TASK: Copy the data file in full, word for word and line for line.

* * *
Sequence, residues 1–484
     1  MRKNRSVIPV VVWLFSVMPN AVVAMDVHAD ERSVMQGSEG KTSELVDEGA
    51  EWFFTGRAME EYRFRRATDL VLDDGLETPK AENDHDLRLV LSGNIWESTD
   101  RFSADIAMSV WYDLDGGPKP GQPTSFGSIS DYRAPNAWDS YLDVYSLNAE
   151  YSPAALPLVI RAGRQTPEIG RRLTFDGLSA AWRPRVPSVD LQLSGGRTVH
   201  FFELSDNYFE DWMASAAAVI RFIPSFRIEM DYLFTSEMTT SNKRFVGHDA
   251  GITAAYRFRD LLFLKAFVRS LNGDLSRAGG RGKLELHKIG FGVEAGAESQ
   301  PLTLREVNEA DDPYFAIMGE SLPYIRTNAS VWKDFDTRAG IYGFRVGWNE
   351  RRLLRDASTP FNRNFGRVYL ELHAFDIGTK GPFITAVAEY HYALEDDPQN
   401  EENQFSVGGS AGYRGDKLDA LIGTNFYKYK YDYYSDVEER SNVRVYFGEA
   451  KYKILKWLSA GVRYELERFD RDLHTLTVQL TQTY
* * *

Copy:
Sequence, residues 1–484
     1  MRKNRSVIPV VVWLFSVMPN AVVAMDVHAD ERSVMQGSEG KTSELVDEGA
    51  EWFFTGRAME EYRFRRATDL VLDDGLETPK AENDHDLRLV LSGNIWESTD
   101  RFSADIAMSV WYDLDGGPKP GQPTSFGSIS DYRAPNAWDS YLDVYSLNAE
   151  YSPAALPLVI RAGRQTPEIG RRLTFDGLSA AWRPRVPSVD LQLSGGRTVH
   201  FFELSDNYFE DWMASAAAVI RFIPSFRIEM DYLFTSEMTT SNKRFVGHDA
   251  GITAAYRFRD LLFLKAFVRS LNGDLSRAGG RGKLELHKIG FGVEAGAESQ
   301  PLTLREVNEA DDPYFAIMGE SLPYIRTNAS VWKDFDTRAG IYGFRVGWNE
   351  RRLLRDASTP FNRNFGRVYL ELHAFDIGTK GPFITAVAEY HYALEDDPQN
   401  EENQFSVGGS AGYRGDKLDA LIGTNFYKYK YDYYSDVEER SNVRVYFGEA
   451  KYKILKWLSA GVRYELERFD RDLHTLTVQL TQTY